If you’ve ever fallen into the mental trap of believing you have to do everything at once, this book is for you.
Big Magic: Creative Living Beyond Fear
by Elizabeth Gilbert
It’s not uncommon for business owners, especially solopreneurs, to find that their biggest obstacle is themselves. Between internal criticism, perfectionism, procrastination, personal fears, and more, there’s a lot we ourselves can do to get in the way of our own success. Gilbert’s book helps readers to push back against the tide and take back control from our own shortcomings.
The book is, at least ostensibly, aimed at creatives, and while not every small business is a creative endeavor, many aspiring self-employed professionals stand to benefit from the advice in this book.
The Happiness of Pursuit: Finding the Quest That Will Bring Purpose to Your Life
by Chris Guillebeau
One of the biggest reasons to go into business for yourself is to have the freedom to pursue something that leads to greater satisfaction in life. In many ways, looking at the why makes Guillebeau’s second book on our list similar to Start With Why. The difference quickly becomes apparent in how that why is applied: Sinek’s book uses it as a tool to further and improve your business. The Happiness of Pursuit uses it to further and improve your life.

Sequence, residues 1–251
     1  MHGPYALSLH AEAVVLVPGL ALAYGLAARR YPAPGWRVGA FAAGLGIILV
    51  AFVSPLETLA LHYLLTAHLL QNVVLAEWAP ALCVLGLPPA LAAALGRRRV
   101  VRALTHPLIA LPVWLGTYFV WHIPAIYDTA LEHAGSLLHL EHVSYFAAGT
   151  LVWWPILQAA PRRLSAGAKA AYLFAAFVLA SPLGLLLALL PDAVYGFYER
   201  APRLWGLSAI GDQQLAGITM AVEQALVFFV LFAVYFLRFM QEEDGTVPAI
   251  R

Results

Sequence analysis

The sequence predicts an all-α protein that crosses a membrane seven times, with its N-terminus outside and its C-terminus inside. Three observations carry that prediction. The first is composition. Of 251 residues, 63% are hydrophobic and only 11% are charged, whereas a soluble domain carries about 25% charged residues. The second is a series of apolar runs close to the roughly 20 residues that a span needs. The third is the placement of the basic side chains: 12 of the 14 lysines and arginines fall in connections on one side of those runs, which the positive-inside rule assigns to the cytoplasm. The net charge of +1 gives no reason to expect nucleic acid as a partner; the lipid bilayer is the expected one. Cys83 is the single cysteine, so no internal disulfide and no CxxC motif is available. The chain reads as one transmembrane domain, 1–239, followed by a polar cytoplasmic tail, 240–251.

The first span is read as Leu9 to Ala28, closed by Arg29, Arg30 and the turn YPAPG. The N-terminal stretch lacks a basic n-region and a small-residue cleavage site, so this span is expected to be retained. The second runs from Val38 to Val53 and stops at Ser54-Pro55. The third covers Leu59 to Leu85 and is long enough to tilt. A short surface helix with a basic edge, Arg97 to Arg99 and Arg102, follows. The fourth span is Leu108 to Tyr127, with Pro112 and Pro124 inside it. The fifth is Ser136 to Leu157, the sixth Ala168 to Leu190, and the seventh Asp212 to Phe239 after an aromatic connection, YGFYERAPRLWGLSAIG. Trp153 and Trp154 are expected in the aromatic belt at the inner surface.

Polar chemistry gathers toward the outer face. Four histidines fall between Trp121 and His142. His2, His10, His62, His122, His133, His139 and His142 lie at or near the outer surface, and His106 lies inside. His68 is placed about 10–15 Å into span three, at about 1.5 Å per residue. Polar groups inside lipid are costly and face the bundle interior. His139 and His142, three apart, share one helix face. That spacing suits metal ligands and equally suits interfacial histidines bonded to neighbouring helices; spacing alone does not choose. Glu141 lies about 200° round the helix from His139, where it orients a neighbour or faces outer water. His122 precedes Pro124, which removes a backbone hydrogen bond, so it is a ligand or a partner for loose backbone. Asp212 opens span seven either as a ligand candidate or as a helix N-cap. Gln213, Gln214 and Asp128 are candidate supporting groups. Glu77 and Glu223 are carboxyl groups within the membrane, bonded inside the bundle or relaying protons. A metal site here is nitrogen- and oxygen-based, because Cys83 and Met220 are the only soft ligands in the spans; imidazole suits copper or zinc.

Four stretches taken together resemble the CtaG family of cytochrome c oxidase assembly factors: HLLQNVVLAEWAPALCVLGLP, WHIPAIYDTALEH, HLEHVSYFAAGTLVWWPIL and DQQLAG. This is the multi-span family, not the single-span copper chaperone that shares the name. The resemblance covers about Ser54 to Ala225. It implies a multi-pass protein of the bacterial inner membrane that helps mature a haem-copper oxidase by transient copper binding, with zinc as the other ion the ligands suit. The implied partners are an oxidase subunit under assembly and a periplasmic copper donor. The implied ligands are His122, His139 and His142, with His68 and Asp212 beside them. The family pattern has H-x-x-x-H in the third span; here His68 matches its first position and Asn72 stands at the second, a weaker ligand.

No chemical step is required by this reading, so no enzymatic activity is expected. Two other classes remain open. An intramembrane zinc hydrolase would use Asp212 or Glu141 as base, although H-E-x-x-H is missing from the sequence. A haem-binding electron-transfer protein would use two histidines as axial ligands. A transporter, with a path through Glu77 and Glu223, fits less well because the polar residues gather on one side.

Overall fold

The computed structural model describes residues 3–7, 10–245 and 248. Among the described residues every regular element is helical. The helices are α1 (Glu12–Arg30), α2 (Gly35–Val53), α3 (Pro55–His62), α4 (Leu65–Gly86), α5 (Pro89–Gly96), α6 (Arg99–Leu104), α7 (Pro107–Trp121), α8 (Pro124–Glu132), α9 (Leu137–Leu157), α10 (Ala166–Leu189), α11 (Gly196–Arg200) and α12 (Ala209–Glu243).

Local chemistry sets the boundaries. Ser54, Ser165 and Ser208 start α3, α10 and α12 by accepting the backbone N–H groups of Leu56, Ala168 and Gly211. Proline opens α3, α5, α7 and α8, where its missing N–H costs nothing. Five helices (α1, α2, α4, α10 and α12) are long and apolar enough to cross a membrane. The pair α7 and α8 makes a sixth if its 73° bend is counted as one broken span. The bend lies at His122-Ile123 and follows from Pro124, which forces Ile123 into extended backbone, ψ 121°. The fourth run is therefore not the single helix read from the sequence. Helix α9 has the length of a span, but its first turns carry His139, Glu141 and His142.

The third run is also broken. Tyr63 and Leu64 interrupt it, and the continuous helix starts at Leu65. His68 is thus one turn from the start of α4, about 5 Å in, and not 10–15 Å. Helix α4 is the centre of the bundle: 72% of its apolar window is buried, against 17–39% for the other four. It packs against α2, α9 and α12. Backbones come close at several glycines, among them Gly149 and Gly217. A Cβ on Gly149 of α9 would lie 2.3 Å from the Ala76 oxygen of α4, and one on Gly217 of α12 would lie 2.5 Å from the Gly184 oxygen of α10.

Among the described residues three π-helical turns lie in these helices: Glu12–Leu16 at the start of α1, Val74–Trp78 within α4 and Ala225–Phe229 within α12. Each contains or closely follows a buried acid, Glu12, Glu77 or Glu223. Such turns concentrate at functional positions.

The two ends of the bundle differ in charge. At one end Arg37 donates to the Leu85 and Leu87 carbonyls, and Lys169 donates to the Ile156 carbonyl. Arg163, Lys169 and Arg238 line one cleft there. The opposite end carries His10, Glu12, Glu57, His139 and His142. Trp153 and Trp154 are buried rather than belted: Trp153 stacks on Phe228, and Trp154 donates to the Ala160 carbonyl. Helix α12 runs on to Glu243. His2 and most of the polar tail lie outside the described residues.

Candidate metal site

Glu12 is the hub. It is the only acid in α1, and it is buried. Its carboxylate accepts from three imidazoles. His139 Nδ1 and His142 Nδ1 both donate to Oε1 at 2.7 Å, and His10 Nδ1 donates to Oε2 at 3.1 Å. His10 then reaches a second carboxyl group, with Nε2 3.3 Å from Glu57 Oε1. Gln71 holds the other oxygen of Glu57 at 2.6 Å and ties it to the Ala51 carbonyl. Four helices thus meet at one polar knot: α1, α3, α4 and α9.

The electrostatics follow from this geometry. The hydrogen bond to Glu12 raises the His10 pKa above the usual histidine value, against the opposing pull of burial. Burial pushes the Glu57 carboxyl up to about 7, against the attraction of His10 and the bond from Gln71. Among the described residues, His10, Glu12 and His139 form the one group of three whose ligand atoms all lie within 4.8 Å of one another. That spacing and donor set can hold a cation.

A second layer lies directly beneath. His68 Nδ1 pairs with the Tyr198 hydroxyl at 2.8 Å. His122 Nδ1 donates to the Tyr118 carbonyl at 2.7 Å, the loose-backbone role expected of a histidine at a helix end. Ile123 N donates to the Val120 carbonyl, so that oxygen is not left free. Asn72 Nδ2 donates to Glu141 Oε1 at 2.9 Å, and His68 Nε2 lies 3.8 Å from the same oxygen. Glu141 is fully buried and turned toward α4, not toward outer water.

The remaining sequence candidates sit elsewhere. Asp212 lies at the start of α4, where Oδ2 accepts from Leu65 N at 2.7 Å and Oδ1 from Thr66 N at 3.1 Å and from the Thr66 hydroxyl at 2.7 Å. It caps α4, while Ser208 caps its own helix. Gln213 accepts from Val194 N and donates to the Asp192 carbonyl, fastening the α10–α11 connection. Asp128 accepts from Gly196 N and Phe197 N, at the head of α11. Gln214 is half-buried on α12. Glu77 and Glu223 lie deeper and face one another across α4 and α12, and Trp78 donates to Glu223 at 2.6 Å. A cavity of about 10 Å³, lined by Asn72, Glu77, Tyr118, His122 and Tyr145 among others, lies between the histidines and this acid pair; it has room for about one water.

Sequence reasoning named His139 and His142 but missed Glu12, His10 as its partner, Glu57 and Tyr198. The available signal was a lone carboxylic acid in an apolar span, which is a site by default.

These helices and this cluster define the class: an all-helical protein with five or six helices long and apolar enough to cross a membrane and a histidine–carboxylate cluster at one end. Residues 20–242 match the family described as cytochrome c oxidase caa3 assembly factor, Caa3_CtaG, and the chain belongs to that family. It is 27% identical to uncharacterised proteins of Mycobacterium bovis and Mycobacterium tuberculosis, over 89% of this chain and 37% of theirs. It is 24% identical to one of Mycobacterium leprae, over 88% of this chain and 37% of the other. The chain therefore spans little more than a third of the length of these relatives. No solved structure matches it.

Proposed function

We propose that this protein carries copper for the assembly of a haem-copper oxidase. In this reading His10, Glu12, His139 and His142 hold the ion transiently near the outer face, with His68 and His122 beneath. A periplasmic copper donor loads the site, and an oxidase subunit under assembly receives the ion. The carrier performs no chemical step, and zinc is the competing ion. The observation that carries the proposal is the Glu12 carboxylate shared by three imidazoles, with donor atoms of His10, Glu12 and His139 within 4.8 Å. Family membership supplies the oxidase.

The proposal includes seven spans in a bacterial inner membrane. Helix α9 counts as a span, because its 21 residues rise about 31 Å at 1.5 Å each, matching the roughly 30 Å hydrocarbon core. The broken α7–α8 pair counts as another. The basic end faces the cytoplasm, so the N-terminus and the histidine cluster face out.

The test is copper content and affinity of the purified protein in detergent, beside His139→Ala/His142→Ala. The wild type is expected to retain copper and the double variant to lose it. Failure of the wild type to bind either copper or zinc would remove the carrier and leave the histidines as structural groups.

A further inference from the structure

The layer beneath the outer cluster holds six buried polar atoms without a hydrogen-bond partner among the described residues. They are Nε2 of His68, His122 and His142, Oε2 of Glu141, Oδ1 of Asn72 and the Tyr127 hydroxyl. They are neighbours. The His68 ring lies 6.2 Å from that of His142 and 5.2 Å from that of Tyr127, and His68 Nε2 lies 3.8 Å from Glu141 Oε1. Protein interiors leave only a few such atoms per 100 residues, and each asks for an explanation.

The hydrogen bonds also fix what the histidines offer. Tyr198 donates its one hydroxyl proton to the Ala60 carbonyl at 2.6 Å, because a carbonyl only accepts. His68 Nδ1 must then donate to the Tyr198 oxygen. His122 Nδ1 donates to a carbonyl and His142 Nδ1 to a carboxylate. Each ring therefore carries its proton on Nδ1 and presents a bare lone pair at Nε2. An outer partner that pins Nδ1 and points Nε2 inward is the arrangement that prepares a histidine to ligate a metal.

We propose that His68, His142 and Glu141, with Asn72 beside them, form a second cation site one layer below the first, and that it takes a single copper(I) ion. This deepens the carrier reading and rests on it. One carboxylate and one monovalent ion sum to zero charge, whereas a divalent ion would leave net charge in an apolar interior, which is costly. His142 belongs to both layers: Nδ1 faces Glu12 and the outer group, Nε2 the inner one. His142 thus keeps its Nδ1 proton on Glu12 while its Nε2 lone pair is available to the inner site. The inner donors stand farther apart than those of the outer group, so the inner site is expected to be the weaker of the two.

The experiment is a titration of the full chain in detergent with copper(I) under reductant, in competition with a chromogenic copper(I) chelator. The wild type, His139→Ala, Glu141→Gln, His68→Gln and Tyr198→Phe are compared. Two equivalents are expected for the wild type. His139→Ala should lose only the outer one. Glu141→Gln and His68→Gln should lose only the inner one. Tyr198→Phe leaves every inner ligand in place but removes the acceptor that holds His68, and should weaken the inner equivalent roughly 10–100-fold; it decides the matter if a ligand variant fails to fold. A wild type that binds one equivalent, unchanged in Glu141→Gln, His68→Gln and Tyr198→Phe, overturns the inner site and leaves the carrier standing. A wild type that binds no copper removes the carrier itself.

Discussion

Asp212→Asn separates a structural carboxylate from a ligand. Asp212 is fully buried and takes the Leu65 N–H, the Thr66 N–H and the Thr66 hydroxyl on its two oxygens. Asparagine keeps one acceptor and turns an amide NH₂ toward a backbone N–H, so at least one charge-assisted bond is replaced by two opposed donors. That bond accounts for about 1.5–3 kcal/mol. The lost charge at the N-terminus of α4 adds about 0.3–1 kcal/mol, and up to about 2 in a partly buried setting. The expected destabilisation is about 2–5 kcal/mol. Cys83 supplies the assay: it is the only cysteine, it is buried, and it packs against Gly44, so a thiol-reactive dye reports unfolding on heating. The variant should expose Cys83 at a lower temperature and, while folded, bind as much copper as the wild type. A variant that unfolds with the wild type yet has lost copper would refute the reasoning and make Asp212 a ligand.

Whether you’re in the game already or are just considering it, there are good reasons you’ve turned to self-employment. This book reinforces how positive it can be for your life if you do it right.
The Lean Startup
by Eric Ries
Businesses are a lot like living creatures. They live, they grow, they die, and sometimes they even spawn other businesses. Most importantly, however, they’re subject to a financial version of natural selection: those that can adapt to their environment and overcome challenges survive, while those that cannot wind up faltering.
Ries’s book is all about that adaptive process: how to plan, test, implement, and adjust innovative ideas to keep your business on top of the competition. It’s a guidebook on professional evolution, and it’s a must-read for solopreneurs and entrepreneurs that want to keep their company running long-term.
Will It Fly?
by Pat Flynn